Four reasons Romney might still win

Click to enlarge.

Click to enlarge.

Governor Romney’s presidential election campaign is in disarray, and polls show President Obama with a small lead in the popular vote nationwide and the key swing states.  But economist Robert Reich, an Obama supporter, says it’s too soon to count Romney out.  Here’s why.

1. Between now and Election Day come two jobs reports from the Bureau of Labor Statistics – October 5 and November 2.  If they’re as bad as the last report, showing only 96,000 jobs added in August (125,000 are needed just to keep up with population growth) and the lowest percentage of employed adults since 1981, Romney’s claim the economy is off track becomes more credible, and Obama’s that it’s on the mend harder to defend.

With gas prices rising, corporate profits shrinking, most of Europe in recession, Japan still a basket case, and the Chinese economy slowing, the upcoming job reports are unlikely to be stellar.

2. Also between now and Election Day are three presidential debates, starting October 3. It’s commonly thought Obama will win them handily but that expectation may be very wrong – and could work against him. Yes, Romney is an automaton – but when the dials are set properly he can give a good imitation of a human engaged in sharp debate. He did well in the Republican primary debates.

Obama, by contrast, can come off slow and ponderous. Recall how he stuttered and stumbled during the 2008 Democratic primary debates. And he hasn’t been in a real-live debate for four years; Romney recently emerged from almost a year of them.

3. During the next seven final weeks of the campaign, the anti-Obama forces will be spending a gigantic amount of money.  Not just the Romney campaign and Romney’s super PACs, but other super PACS aligned with Romney, billionaires spending their own fortunes, and non-profit “social welfare” organizations like the Chamber of Commerce, Karl Rove’s “Crossroads,” and various Koch-brothers political fronts—all will dump hundreds of millions on TV and radio spots, much of it spreading lies and distortions. Some of this money will be devoted to get-out-the-vote drives—to phone banks and door-to-door canvassing to identify favorable voters, and vans to bring them to the polling stations.

It’s an easy bet they’ll far outspend Obama and his allies.  I’ve heard two-to-one.  The race is still close enough that a comparative handful of voters in swing states can make the difference – which means gobs of money used to motivate voters to polling stations can be critical.

4.  As they’ve displayed before, the Republican Party will do whatever it can to win – even if it means disenfranchising certain voters.  To date, 11 states have enacted voter identification laws, all designed by Republican legislatures and governors to dampen Democratic turnout.

The GOP is also encouraging what can only be termed “voter vigilante” groups to “monitor polling stations to prevent fraud” – which means intimidating minorities who have every right to vote.  We can’t know at this point how successful these efforts may be but it’s a dangerous wildcard.  And what about those Diebold voting machines?

###

And even if Obama is reelected, more hard work begins after Inauguration Day—when we must push him to be tougher on the Republicans than he was in his first term, and do what the nation needs.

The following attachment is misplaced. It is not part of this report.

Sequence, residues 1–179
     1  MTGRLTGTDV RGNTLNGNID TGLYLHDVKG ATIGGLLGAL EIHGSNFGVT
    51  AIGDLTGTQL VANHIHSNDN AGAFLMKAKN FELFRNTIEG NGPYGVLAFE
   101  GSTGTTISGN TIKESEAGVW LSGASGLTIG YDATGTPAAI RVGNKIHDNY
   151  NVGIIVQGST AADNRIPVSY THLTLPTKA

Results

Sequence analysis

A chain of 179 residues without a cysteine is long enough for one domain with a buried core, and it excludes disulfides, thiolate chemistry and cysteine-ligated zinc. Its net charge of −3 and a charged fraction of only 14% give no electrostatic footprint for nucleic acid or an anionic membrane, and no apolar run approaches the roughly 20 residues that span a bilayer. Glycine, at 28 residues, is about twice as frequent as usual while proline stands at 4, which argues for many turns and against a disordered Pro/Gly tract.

via FOCUS.

Robert Reich appears to be operating on the theory that President Obama’s shortcomings as President are a result of him giving in to his Republican opponents.  But what if Barack Obama’s pro-Wall Street and pro-militarist politics are what he in fact believes in?   Pushing Obama to do what the nation needs will be a lot  harder than re-electing him.

I can’t see Barack Obama as anything more than a lesser evil than Mitt Romney, and perhaps not even that.   If Mitt Romney wins based on the poor economy, or on performing better than Obama in the debates, or even on spending more money, so be it. But the Republican voter suppression campaign is in a different category.  A Romney victory based on voter suppression would be an attack on the American democratic process itself.

Click on Four Reasons Why Romney Might Still Win for the full comment by Robert Reich on his web log.

Click on FiveThirtyEight for the expert and impartial analysis of polls and statistics by Nate Silver for the New York Times.

Click on Obama vs. Romney Electoral Map for the Huffington Post’s updates and summaries of poll results.

Click on TPM Electoral College Scorecard for Talking Points Memo’s map updating and summarizing poll results.

Hat tip to Hal Bauer for the Robert Reich link.

A recent Nate Silver FiveThirtyEight forecast

[Update 9/26/12]   Polls show Barack Obama with a small but consistent lead in the popular vote—not so large, however, as to be invulnerable to voter suppression and hacked voting machines, or to an “October surprise.”

Click on The Statistical State of the Presidential Race for Nate Silver’s analysis of why the odds favor Barack Obama.

Click on Nate Silver: Obama the clear favorite but Romney could still win for an interview with Nate Silver.

Tags: , , , ,

One Response to “Four reasons Romney might still win”

  1. catherinephung Says:

    Reblogged this on catherinephung.

    Like

Leave a Reply

Fill in your details below or click an icon to log in:

WordPress.com Logo

You are commenting using your WordPress.com account. Log Out /  Change )

Twitter picture

You are commenting using your Twitter account. Log Out /  Change )

Facebook photo

You are commenting using your Facebook account. Log Out /  Change )

Connecting to %s

This site uses Akismet to reduce spam. Learn how your comment data is processed.


%d bloggers like this: